succeed to the Earldom of De la Warr, and there shall upon, or at any time after, the occurrence
of such an event be any younger son or any heir male of the body of any such other son, then 
then and so often as the same shall happen the succession to the Honours and dignities thereby
created shall devolve upon the son of the said Elizabeth, Countess De la Warr, or the heir who
would next be entitled to succeed to the said dignity of Baron Buckhurst, if the person so
succeeding to the Earldom of De la Warr was dead without issue male."
That is to say that, following the death of Baroness Buckhurst, the peerage would descend to
her second surviving son and the heirs male of his body, and contained a proviso that, in the
event of such second son becoming Earl de la Warr, the peerage would then devolve upon her
next youngest son. This remainder was designed so as to attempt to ensure that the barony of
Buckhurst would 'jump' to an heir who was not the direct heir to the earldom of de la Warr, but
what it failed to do was to take into account the possibility that the barony might jump from
one holder to another during the lifetime of the then current Earl de la Warr, with the result that
the earldom became inherited by persons nearer and nearer in blood to the holder of the barony.
At the time of the creation of this peerage, Baroness Buckhurst had five surviving sons. The
eldest surviving son, Charles, inherited the Earldom of de la Warr on the death of his father in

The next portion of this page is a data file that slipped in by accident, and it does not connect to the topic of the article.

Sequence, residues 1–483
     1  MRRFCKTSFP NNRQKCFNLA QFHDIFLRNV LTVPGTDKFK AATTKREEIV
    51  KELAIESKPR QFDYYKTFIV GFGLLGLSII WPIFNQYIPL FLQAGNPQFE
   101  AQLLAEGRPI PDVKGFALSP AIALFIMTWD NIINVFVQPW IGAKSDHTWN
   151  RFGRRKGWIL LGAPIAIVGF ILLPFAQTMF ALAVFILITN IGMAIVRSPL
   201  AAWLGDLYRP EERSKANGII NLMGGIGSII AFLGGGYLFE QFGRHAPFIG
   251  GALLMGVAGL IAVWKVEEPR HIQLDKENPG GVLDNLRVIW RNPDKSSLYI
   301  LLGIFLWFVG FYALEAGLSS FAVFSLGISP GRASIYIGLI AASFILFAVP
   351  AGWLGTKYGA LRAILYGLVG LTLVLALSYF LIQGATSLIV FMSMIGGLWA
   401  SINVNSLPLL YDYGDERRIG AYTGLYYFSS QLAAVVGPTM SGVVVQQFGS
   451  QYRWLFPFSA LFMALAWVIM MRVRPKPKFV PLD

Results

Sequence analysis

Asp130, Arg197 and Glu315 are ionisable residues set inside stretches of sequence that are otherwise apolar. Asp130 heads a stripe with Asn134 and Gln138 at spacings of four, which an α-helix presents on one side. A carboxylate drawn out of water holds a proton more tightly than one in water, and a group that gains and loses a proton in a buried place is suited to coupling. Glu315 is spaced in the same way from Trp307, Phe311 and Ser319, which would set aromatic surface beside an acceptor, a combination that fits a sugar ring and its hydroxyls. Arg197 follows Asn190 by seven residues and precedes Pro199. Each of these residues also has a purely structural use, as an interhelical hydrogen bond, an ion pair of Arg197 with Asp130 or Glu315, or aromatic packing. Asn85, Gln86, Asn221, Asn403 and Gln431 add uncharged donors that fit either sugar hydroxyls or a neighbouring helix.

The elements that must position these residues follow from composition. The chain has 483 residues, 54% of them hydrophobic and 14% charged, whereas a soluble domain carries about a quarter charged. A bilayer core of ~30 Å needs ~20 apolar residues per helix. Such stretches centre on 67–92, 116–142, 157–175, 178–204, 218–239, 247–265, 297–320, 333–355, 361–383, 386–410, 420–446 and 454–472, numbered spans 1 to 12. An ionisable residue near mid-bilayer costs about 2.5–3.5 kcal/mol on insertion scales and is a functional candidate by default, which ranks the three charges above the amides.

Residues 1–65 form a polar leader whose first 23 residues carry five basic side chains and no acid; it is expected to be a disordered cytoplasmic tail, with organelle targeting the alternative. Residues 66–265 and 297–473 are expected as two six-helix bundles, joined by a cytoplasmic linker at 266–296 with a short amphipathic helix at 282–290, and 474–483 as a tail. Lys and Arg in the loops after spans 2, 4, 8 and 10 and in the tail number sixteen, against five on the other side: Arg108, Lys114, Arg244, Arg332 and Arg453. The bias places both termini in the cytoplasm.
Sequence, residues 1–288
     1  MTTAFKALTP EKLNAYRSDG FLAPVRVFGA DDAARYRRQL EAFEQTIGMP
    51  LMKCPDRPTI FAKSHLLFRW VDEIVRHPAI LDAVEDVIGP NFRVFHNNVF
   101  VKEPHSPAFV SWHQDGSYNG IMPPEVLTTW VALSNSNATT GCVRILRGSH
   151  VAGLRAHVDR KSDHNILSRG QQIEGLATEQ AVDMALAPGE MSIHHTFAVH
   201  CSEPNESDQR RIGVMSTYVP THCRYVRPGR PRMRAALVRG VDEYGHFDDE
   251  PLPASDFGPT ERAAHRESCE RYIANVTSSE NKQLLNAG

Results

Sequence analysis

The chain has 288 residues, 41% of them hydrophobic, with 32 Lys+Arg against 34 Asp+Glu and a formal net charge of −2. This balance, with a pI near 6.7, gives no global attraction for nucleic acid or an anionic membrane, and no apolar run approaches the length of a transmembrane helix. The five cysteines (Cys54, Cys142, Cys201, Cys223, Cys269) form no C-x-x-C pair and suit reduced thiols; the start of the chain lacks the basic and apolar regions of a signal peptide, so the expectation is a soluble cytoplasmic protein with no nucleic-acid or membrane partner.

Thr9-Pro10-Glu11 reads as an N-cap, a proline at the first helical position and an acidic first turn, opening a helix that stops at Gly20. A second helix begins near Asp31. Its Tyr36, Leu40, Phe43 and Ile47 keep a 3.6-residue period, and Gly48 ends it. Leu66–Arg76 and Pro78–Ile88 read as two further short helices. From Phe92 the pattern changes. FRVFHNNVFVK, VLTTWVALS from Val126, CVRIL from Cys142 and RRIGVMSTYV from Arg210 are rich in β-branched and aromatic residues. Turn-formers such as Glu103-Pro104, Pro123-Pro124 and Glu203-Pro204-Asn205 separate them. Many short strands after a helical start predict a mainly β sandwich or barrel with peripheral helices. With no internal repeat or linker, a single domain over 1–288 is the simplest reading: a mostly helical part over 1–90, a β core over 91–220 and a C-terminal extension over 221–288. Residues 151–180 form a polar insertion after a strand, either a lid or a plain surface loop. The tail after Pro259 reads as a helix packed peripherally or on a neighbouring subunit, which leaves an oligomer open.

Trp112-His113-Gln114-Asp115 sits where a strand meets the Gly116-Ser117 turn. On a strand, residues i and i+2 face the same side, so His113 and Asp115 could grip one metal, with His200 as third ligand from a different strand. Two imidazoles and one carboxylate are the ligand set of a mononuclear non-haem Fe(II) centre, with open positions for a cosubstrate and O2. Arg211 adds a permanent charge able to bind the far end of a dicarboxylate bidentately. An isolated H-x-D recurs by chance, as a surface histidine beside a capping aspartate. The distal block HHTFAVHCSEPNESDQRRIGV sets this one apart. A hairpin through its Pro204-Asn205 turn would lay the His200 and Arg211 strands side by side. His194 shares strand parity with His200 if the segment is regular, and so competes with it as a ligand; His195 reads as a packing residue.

1869. On the death of his mother in January 1870, the Barony of Buckhurst was inherited by
Charles's next brother, Reginald, since he was the second surviving son of the Baroness.
When the 6th Earl de la Warr died in 1873, the earldom was inherited by his next brother,
Reginald, who had previously inherited the barony of Buckhurst. Under the remainder to the 
peerage, it would seem that, when Reginald succeeded to the earldom, the barony should then
have passed to the next youngest son, Mortimer.
Mortimer claimed the barony of Buckhurst under the terms of the remainder, but Reginald argued
that the Crown did not have the power to divest him of an hereditary dignity he had once
enjoyed. The case was heard by the House of Lords Committee for Privileges in July 1876. It
was held that the proviso outlined above was incapable of operating so as to give the barony to
Mortimer. Reginald, having succeeded to the barony, could not have it taken away from him and
given to another. The Committee found that, if the object of the proviso was to prevent the
dignity of Earl de la Warr and Baron Buckhurst being held together by the same person, then the
Crown had no power to grant a dignity with such a shifting and transferrable quality. They were
therefore of the opinion that the barony of Buckhurst, having been inherited by Reginald, did not
transfer to Mortimer once Reginald had succeeded to the earldom of de la Warr. As a result, the
barony of Buckhurst has remained since that time as a subsidiary title of the Earls de la Warr.
Mortimer, however, did not have to endure his disappointment for very long, as less than three
months later, he was created Baron Sackville as a consolation prize.
For another example of a 'jumping' remainder, see the earldom of Selkirk.
Augustus Charles Hobart ["Hobart Pasha"], 3rd son of the 6th Earl of Buckinghamshire
The following biography of Hobart Pasha appeared in the October 1955 issue of the Australian
monthly magazine "Parade":-
'A rocket, soaring high in the darkness, threw a glow over the Danube one moonless night in 
April, 1877, revealing a tiny Turkish gunboat slipping like a phantom down the broad surface of
the river. War had just flared between Turkey and Russia. The river was the frontier between 
opposing armies. With shots hurling spouts of water all round it, the venomous little craft 
steamed on to the safety of the open waters of the Black Sea. On the bridge was the defiant